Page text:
CH2: A lot of people would seem fairly surprised to learn that, unlike many stereotypical rock bands, you don’t tear up hotel rooms, engage in out-of-control partying, etc. How do you respond to that?
Smith: I had a battle with addictions—cocaine, etc.—but, once my son [Lyric] was born [in 2007], that was the day I quit all my addictions and became clean. My son saved me from my vanity, from my selfishness. It suddenly wasn’t all about me.
CH2: In spite of your fame, fortune and overwhelming success, you guys seem extremely level-headed and down-to-earth. I’m thinking you must have had some solid role models or upbringing. What is the best advice you ever received or that you would give someone?
Smith: My granny is probably the hardest working woman I know. She raised three kids during the ’50s, which was unheard of. She is pretty remarkable. She taught me a lot and to be aware of your surroundings. I say be aware of ‘shape shifters’ and know where the snake is.
Myers: If you believe in something, never give up. If you start something—life, music, whatever—see it all the way through… to the bitter end.
Kerch: My dad always said that nothing good happens after midnight. I still break the rule, and he’s right!
Bass: Be humble. Treat everybody with respect. It’s not really advice, but something that was instilled in me. I grew up in the South.
CH2: Where would you like to see yourself in, say, five years?
Bass: Doing the same thing I’m doing now. I hope I’m a more successful musician and producer. That’s where I’d like to be.
Myers: With the band.
Kerch: Pretty much the same, maybe playing in some big arenas.
Smith: Hopefully having enough time to go home [from touring] to take my son to his first day of school.
CH2: I understand that some of your favorite charities include: HEAL! (Healing
Every Autistic Life), Cure Autism Now and VH1’s Save the Music. What inspired you to adopt these worthwhile causes?
Barry Kerch: My wife is a behavior analyst. I spent a lot of time with some of her kids and it really impacted me. And VH1’s Save the Music…it’s important to put music in the schools.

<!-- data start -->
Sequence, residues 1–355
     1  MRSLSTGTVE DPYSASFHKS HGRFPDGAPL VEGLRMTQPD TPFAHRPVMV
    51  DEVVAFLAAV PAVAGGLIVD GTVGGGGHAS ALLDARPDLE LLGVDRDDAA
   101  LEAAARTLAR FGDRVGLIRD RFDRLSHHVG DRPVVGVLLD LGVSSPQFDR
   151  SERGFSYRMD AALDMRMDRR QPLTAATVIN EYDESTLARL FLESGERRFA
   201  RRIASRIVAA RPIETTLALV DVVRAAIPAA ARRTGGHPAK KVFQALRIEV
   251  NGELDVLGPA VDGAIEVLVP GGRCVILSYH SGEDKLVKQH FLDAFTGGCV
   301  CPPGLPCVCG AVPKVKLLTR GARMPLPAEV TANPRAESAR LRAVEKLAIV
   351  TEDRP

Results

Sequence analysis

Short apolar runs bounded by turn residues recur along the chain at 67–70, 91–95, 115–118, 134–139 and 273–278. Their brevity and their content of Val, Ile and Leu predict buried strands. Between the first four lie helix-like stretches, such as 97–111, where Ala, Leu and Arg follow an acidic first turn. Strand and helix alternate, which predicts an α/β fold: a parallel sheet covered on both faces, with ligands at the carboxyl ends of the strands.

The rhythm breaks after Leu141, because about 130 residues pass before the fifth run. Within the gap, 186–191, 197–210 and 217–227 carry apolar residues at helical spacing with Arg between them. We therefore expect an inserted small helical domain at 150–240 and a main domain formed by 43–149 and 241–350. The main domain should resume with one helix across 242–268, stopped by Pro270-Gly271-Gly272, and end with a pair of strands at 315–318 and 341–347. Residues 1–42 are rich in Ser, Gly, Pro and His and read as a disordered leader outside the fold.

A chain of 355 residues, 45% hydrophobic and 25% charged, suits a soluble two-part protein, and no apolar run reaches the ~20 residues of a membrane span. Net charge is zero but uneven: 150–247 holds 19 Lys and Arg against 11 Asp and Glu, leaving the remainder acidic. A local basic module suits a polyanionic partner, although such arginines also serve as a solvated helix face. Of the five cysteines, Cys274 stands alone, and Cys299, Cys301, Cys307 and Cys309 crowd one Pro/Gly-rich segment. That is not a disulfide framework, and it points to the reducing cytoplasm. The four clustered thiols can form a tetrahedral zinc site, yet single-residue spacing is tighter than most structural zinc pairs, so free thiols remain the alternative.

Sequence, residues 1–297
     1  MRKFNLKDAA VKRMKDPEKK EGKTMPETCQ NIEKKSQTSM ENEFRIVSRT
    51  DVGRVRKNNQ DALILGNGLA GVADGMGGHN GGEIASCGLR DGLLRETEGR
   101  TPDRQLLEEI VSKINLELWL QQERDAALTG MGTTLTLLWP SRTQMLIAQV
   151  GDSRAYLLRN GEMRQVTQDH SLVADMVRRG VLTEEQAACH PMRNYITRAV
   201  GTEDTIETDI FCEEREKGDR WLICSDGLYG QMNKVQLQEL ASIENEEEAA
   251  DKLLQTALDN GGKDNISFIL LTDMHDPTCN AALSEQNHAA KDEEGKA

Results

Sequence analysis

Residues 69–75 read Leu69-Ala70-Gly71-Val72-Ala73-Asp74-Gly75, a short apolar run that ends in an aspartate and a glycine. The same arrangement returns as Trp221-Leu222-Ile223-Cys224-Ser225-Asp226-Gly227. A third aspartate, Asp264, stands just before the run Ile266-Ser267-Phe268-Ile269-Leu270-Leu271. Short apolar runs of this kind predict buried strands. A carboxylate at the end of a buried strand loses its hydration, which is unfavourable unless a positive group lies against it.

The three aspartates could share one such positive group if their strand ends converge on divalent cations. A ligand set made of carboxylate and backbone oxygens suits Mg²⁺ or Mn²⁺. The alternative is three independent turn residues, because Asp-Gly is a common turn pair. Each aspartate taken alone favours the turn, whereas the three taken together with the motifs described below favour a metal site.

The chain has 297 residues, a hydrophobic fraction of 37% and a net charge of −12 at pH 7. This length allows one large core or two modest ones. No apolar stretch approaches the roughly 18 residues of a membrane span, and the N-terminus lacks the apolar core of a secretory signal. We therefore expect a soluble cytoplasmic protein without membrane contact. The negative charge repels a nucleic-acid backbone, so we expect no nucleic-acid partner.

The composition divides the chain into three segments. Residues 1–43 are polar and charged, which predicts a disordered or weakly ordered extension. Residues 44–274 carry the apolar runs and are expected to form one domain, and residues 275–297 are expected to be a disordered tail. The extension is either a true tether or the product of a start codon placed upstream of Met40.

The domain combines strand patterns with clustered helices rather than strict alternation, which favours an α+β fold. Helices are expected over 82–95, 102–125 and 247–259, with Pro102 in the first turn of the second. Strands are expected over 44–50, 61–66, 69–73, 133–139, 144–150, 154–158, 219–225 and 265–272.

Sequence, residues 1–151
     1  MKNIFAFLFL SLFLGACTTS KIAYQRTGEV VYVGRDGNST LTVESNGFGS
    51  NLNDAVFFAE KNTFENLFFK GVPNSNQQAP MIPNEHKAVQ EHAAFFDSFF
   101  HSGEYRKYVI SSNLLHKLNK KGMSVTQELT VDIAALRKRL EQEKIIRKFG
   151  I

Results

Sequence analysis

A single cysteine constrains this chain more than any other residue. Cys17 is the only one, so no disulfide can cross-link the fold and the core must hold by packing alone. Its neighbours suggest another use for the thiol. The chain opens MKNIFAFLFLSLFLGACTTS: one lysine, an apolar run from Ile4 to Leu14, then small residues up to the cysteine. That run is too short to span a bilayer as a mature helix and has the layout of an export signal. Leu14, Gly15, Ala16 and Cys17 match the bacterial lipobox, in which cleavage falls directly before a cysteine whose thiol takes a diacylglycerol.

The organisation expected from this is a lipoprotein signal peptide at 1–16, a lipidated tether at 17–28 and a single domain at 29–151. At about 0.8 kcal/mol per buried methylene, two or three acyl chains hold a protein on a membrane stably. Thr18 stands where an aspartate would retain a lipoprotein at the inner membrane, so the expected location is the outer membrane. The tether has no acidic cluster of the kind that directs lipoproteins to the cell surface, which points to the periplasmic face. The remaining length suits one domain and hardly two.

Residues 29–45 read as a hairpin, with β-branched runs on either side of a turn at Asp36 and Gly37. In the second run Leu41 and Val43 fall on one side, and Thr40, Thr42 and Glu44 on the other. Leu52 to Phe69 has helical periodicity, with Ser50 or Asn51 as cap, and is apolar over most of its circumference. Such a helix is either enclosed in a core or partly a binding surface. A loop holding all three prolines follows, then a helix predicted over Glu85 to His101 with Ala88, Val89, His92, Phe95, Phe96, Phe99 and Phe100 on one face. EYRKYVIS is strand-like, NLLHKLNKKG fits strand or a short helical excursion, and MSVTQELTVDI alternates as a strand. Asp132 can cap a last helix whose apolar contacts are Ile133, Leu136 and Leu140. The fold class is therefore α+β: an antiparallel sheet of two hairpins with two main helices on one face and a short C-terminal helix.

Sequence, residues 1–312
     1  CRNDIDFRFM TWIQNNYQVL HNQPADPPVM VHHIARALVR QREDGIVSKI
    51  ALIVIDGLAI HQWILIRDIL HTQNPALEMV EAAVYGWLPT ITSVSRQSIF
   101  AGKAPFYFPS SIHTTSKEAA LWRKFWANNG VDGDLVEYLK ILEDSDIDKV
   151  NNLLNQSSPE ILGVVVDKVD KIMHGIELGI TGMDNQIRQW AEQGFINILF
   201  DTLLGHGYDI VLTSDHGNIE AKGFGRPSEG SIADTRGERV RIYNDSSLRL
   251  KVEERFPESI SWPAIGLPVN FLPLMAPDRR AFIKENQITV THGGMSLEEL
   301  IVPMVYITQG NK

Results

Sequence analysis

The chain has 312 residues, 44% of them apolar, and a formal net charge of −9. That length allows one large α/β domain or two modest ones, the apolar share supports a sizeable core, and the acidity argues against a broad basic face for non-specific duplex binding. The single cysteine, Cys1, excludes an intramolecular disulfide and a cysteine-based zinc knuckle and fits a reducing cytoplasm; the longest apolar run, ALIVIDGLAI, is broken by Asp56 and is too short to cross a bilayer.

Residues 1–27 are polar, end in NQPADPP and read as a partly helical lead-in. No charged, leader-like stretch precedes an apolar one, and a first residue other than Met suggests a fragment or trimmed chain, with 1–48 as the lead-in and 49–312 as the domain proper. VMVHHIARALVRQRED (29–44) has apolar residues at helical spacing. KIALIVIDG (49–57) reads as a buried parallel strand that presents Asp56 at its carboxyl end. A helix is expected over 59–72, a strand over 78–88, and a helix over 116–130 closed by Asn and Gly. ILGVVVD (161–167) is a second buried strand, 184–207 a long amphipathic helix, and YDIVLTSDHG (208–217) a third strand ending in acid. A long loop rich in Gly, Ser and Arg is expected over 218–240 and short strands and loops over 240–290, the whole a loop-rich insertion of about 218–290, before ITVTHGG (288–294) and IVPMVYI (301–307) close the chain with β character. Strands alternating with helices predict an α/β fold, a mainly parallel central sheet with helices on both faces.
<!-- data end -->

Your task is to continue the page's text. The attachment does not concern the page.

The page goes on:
CH2: Speaking of music, I was researching your backgrounds on your Web site and learned that you all have pretty diverse interests. Brent’s musical influences included Otis Redding, Billie Holiday and Soundgarden. Interesting mix. I’m curious to know what you think of Soundgarden’s new, very different, album.
Smith: You mean Chris Cornell’s new album? I haven’t listened to it yet, but I like all music. Otis Redding is number one, and he got me into all the other stuff. All the soul music was a big influence on me. I need to revisit. I’m not biased. Music is great because it’s not biased; it’s a very worldly artistry. If it’s good, it’s good.
Shinedown’s savvy producer, Rob Cavallo, obviously knows what’s good. Linked to such artists as Green Day, Kid Rock and the Goo Goo Dolls, Cavallo is no stranger to multi-platinum stardom. Shinedown’s shows are energetic, entertaining, intense, moving, mesmerizing and refreshingly—unexpectedly to newcomers—filled with positive messages. Smith is confident that Cavallo is quite capable of helping Shinedown reach a whole new stratosphere of success. Check them out, experience their “Sound of Madness,” and you will undoubtedly, emphatically agree.
For more information regarding Shinedown, such as behind-the-scenes footage, informative blogs, merchandise and a schedule of upcoming concerts, visit shinedown.com.